SUMMARY: Vespertilionidae
Common Name
: No common name, generally just called vespertilionid bats (evening/plain-nosed)
Taxonomy: 42 genera and 355 species. 5 subfamilies
Distribution: Worldwide distribution, absent from remote islands, Polar and near Polar regions
Fossil Record: middle Eocene to Recent in Europe, late Oligocene to Recent in North America, middle Miocene to Recent in Africa and Asia, Pleistocene to Recent in West Indies, South America, and Australia, and Recent over the remainder of the present range
Size Range: Head and body length range from 32 - 105 mm, tail length 25 - 75, and forearm length from 22 - 75 mm
The largest Chiropteran family.

Worldwide distribution, ranging in altitude to the limits of the tree line, in temperate, tropical and arid areas. In temperate zones, vespertilioinids are usually the most common bats.

The family includes many single species genera. The genus
Myotis is the largest genus with 97 species and a global distribution, limited only from the arctic, subarctic, and Antarctic, and some oceanic islands.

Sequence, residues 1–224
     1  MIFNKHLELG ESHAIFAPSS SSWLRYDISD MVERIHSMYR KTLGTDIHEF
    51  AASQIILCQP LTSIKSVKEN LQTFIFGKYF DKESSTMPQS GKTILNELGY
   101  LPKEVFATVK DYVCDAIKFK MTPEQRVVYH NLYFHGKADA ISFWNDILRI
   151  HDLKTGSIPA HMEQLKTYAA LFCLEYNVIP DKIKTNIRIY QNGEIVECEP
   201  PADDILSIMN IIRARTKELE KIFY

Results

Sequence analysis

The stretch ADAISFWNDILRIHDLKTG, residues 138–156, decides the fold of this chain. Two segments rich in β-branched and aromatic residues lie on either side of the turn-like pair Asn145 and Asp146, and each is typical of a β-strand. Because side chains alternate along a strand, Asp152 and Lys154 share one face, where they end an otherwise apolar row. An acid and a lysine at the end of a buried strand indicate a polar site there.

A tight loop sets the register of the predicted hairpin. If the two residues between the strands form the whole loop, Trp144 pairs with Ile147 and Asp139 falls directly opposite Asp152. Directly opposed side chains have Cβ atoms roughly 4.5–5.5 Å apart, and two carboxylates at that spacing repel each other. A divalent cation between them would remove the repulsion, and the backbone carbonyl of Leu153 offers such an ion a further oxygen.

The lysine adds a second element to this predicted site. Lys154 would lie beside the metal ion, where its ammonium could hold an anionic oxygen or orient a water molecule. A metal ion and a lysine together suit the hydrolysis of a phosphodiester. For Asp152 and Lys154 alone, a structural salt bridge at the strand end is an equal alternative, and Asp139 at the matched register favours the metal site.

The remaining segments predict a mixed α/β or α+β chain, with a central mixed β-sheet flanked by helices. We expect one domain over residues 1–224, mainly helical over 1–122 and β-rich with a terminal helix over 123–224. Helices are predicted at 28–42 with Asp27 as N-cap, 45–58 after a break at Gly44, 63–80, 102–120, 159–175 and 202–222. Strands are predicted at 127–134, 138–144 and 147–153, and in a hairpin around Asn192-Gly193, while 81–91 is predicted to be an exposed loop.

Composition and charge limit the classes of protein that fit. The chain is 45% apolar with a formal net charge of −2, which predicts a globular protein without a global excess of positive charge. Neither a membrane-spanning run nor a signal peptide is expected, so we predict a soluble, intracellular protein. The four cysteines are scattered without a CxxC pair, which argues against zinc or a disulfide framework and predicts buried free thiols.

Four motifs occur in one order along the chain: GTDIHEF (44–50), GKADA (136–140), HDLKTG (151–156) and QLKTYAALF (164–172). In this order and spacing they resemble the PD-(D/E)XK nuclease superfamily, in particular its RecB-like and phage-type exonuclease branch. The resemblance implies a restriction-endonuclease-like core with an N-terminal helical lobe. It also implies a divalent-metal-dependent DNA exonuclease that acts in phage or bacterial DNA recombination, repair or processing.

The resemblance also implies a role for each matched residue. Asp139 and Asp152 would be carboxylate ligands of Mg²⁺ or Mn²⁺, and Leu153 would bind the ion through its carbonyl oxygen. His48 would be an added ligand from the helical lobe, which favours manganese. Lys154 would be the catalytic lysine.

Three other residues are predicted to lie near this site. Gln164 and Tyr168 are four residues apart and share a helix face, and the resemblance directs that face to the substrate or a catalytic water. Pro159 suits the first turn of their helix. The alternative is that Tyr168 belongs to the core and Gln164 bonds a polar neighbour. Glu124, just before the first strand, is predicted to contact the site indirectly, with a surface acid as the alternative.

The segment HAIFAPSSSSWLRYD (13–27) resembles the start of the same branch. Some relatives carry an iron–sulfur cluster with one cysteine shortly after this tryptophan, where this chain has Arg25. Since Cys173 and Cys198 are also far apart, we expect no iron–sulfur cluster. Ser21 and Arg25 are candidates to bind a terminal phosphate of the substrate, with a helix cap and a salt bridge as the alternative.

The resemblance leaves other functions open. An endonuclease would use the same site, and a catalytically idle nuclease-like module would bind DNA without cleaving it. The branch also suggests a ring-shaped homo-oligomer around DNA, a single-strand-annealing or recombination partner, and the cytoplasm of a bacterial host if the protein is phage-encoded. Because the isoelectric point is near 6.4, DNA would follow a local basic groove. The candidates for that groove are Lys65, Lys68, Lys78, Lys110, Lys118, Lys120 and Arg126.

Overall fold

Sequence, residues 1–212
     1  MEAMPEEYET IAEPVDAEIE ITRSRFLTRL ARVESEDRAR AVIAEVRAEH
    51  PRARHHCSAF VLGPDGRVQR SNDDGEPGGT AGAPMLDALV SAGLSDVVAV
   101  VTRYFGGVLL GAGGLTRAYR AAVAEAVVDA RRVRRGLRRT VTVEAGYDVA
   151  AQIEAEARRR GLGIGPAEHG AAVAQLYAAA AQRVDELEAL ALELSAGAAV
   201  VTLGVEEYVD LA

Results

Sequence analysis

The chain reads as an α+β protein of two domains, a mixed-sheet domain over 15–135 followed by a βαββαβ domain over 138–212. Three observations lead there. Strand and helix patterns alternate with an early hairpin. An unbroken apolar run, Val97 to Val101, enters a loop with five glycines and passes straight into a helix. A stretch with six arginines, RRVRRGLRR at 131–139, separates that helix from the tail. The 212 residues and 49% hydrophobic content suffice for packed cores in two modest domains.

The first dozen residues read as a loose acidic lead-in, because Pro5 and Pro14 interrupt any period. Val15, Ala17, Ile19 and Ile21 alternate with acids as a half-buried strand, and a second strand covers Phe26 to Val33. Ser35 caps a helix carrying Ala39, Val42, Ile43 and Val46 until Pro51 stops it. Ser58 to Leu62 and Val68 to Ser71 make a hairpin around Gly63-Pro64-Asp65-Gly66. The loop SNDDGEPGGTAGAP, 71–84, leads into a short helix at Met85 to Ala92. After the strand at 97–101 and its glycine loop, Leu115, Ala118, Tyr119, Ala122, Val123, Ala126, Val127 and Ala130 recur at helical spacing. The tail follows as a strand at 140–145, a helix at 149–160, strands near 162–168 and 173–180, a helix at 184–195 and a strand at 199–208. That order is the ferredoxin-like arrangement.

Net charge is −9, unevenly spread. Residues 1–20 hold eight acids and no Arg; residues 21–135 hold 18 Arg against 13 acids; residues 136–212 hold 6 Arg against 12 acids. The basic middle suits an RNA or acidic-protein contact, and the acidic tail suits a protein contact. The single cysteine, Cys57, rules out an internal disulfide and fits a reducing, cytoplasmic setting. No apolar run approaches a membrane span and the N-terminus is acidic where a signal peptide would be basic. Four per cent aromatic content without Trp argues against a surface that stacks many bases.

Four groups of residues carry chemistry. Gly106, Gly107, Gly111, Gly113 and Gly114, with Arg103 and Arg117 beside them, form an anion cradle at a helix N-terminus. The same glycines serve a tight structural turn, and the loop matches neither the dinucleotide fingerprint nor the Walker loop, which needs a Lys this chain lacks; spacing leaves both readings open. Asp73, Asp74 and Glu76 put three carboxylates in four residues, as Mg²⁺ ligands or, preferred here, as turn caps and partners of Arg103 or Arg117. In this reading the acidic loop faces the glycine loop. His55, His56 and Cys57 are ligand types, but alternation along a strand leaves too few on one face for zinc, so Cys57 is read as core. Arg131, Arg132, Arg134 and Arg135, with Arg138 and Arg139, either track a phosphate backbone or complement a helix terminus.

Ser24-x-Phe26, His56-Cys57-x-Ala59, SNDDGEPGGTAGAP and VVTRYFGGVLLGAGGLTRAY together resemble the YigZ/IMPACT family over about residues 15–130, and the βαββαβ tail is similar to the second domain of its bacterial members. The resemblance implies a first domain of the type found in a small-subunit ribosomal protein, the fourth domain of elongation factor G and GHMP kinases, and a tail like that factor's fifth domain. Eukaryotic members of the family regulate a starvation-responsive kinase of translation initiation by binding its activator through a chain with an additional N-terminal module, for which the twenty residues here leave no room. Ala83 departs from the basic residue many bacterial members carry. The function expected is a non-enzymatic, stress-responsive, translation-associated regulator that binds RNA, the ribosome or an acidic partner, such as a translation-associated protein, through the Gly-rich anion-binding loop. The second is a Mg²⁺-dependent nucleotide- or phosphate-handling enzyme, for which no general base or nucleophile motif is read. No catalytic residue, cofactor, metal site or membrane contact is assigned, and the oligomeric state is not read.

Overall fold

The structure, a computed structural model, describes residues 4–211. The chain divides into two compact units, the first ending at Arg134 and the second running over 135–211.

Vespertilionids lack any distinctive facial characteristics to characterize the family. The tail is well developed, extending to the rear edge of the tail membrane or slight beyond. The nose is typically unadorned, lacking a nose leaf, and the eyes are small. The ears are of moderate to large size and the tragus is always present but remarkable in it variability.

Many vespertilionids use a diversity of roost site: caves, mines, rock crevices, buildings, trees, old bird nests, and culverts. Many species have proved adaptable to urban roosts. The bats typically hang on a vertical surface rather than freely suspend themselves.

Vespertilionids range from solitary species to large colonies. As well, in temperate regions, some species migrate, whereas others hibernate through the fall and winter. In the temperate zone, reproduction is seasonal, with mating occurring in late summer and fall.

The diet is typically insectivorous, but 1 species is known to eat fish, 2 more are suspected of eating fish and another has demonstrated the ability to eat reptiles.

(from the books "Bats - A Natural History" and from "Walker's Bats of the World")